One thing I wish to add to the accepted answer, is that you shouldn't take the meaning of the word "Sprint" literally. You see from Thomas Owens' answer that it was a name attached to the way they structured they're work.
In a sprint in a sporting event, participants prepare for the sprint (e.g. warm-up), start the sprint when the signal is given, cover a ...
Jeff Sutherland, one of the creators of Scrum, provides an answer in his book Scrum: The Art of Doing Twice the Work in Half the Time:
And so my team embarked on what we called "Sprints". We called them that because the name evoked a quality of intensity. We were going to work all out for a short period of time and then stop to see where we were.
The sprint goal is typically a short missive you can communicate in business terms. For instance,
We want to deliver the customer profile page
If that takes 1 day or 2 weeks, mission accomplished. In fact, as a business, you would rather have it in one day than two weeks, wouldn't you?
The artifact of people must appear busy comes from an idea that ...
I think of the options you have listed you should choose #2
Change the Goal to be more encompassing
...even if that means the goal is more vague.
Let's face it: the sprint goal is always going to be some variation on "build value for the organization" anyways.
It sounds like the goal is getting in your way and I am going to guess that is hindering the ...
It is worth reminding yourself that the sprint goal is a solution to a problem.
Some teams may drift a little during a sprint if they do not have a clear focus and an understanding of the value the sprint delivers. The sprint goal helps teams to avoid this.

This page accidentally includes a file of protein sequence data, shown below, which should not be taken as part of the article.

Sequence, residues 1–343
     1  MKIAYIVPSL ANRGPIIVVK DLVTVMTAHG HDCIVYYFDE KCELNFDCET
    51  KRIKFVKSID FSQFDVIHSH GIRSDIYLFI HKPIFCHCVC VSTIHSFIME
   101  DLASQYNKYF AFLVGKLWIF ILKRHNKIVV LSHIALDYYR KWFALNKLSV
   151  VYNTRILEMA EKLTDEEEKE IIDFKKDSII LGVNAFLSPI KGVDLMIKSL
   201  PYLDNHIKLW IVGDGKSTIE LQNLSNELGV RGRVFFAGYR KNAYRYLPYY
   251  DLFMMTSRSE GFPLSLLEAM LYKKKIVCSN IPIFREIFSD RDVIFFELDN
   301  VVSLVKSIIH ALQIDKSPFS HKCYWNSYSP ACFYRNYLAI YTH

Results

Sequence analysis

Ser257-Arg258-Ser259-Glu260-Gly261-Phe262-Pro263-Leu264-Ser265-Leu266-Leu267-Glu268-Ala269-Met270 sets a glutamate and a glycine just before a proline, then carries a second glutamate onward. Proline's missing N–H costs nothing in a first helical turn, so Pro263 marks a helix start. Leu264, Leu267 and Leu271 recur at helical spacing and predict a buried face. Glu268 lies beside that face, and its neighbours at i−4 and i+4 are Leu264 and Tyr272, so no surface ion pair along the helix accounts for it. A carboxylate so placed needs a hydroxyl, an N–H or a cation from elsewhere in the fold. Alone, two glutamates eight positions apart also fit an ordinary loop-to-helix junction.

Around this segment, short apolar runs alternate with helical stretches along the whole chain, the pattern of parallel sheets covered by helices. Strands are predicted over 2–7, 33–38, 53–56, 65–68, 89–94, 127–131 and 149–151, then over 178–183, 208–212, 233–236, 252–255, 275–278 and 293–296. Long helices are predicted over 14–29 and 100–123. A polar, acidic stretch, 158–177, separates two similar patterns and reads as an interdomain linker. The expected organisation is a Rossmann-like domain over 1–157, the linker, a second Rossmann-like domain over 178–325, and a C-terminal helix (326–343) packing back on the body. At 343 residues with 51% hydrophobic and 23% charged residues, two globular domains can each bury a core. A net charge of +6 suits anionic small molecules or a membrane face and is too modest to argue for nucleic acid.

The question to ask yourself then is:
Given we do not have enough work to do for the Sprint Goal ...
The Sprint Goal is a focusing tool for the Development Team. It is not necessary for all work selected for a Sprint to be aligned with the Sprint Goal. In fact, I usually recommend that the Sprint Goal should be something that can be met through the completion of at most about 60-70% of the Product Backlog Items selected for the Sprint. If the Development ...
First, I think it should be stated that wierd stuff happens sometimes.if this was an odd circumstance that happened in one sprint, I'd shrug and move on. However, it sounds from your question that this is a frequent problem.
There are three likely causes (or a combination of them).
1) your view of the product is too short-sighted. Scrum is meant to be ...
Sprint Planning is the meeting in which the team plans the work to be performed in the sprint. For example, from the Scrum Guide:
Sprint Planning answers the following:
What can be delivered in the Increment resulting from the upcoming Sprint?
How will the work needed to deliver the Increment be achieved?
Just have a discussion around these ...